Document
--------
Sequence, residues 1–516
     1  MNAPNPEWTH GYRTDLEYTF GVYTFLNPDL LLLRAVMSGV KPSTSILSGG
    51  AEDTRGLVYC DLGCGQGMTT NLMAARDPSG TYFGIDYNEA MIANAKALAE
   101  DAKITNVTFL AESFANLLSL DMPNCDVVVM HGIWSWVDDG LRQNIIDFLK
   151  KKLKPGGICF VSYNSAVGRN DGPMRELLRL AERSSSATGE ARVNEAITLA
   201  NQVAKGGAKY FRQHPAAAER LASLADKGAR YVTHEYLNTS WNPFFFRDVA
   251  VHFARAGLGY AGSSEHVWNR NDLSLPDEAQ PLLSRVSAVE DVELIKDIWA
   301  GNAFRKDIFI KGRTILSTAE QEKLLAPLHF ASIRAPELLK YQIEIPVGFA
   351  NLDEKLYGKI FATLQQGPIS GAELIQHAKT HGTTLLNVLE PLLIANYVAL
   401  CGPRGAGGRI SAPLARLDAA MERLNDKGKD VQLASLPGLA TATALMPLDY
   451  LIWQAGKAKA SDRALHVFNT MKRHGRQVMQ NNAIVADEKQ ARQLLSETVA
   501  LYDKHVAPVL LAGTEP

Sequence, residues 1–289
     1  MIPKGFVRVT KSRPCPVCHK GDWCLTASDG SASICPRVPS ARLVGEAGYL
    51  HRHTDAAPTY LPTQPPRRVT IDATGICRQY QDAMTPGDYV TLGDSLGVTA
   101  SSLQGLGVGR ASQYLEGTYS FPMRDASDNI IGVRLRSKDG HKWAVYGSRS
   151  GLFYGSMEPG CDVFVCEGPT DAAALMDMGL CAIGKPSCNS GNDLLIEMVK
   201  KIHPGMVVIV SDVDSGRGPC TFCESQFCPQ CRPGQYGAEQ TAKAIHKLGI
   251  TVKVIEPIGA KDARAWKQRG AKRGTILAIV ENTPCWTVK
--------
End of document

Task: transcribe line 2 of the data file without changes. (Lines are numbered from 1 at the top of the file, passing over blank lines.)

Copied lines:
     1  MNAPNPEWTH GYRTDLEYTF GVYTFLNPDL LLLRAVMSGV KPSTSILSGG